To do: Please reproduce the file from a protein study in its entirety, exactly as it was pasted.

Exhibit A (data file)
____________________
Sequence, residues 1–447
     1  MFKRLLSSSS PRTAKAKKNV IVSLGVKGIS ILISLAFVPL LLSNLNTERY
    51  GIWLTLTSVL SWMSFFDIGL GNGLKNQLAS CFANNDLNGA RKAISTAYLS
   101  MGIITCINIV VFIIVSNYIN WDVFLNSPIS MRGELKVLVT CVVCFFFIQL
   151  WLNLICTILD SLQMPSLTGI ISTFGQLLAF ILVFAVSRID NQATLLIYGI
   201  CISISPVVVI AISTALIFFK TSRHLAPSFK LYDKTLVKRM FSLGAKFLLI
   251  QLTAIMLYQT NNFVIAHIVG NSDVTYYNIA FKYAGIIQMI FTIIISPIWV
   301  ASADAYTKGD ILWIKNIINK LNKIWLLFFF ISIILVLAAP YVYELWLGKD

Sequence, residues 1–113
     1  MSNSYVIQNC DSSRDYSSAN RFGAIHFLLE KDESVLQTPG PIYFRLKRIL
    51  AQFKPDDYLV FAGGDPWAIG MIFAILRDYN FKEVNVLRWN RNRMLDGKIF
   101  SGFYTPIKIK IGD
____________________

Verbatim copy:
Sequence, residues 1–447
     1  MFKRLLSSSS PRTAKAKKNV IVSLGVKGIS ILISLAFVPL LLSNLNTERY
    51  GIWLTLTSVL SWMSFFDIGL GNGLKNQLAS CFANNDLNGA RKAISTAYLS
   101  MGIITCINIV VFIIVSNYIN WDVFLNSPIS MRGELKVLVT CVVCFFFIQL
   151  WLNLICTILD SLQMPSLTGI ISTFGQLLAF ILVFAVSRID NQATLLIYGI
   201  CISISPVVVI AISTALIFFK TSRHLAPSFK LYDKTLVKRM FSLGAKFLLI
   251  QLTAIMLYQT NNFVIAHIVG NSDVTYYNIA FKYAGIIQMI FTIIISPIWV
   301  ASADAYTKGD ILWIKNIINK LNKIWLLFFF ISIILVLAAP YVYELWLGKD

Sequence, residues 1–113
     1  MSNSYVIQNC DSSRDYSSAN RFGAIHFLLE KDESVLQTPG PIYFRLKRIL
    51  AQFKPDDYLV FAGGDPWAIG MIFAILRDYN FKEVNVLRWN RNRMLDGKIF
   101  SGFYTPIKIK IGD